Second, the high cost and high use of hospitals and emergency rooms have researchers and policymakers focusing on the effectiveness of behavioral health crisis services in communities that are fortunate to have such services. Some of the best outcomes and cost savings in behavioral health have been achieved by well-integrated systems of care that meet the needs of individuals and families in crisis. For example, Scott (2000) reported in his study of mobile crisis response that those situations that were handled by community-based mobile teams were substantially more likely to result in no hospitalization (55%) than were crises handled by police (28%). In Georgia and Delaware, the Department of Justice and Departments of Behavioral Health settlement agreements include elements such as a statewide crisis line, mobile crisis response services, and development of short-term crisis stabilization units as key interventions to assist with individuals being served in the community as opposed to in hospital settings.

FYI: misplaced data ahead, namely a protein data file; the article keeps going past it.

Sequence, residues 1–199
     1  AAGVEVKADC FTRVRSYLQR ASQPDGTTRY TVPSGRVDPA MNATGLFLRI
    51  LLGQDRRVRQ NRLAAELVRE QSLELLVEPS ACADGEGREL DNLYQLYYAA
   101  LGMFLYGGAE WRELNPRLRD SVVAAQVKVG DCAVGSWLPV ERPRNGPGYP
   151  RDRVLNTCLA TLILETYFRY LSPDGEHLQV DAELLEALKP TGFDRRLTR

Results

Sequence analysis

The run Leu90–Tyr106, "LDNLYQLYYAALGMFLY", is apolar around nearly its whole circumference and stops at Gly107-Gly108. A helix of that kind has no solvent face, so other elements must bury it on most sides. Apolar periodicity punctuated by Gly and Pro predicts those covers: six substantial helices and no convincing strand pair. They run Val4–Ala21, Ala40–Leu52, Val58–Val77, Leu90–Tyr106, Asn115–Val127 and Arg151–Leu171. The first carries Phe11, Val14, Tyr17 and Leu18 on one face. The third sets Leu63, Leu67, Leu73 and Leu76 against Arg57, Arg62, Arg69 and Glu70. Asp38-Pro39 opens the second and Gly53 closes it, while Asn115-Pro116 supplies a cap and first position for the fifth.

Third, as we continue to evaluate what it means to be trauma informed, it is becoming clear that we could do better at eliminating forced and intrusive treatments. In addition to being cost effective, peer warm lines, crisis and access lines and mobile response offer engaging and collaborative alternatives. Peer leaders and advocates will continue to question whether we are doing everything possible to reduce the occasions where an individual is shackled and placed in the back seat of a patrol car because other alternatives don’t exist. As communities increase their investment in public safety, it is an opportunity and challenge as enhanced crisis systems create respectful, engaging and collaborative care and relationships while avoiding the pressures for increased involuntary treatment.
As we move into this new era, how do we improve and support excellence in crisis systems of care? At the 2014 National Council conference, there will be a first ever special track for crisis. Crisis Response Network’s CEO Suzanne Rabideau and I have hosted with National Council two conference calls to solicit feedback and over 60 organizations have participated. There is a rich diversity, with agencies that deliver only crisis care and others where the services are just one of many business lines. Some host a crisis call center, deliver mobile crisis or have facility-based crisis stabilization and/or respite, while others offer a full continuum of services.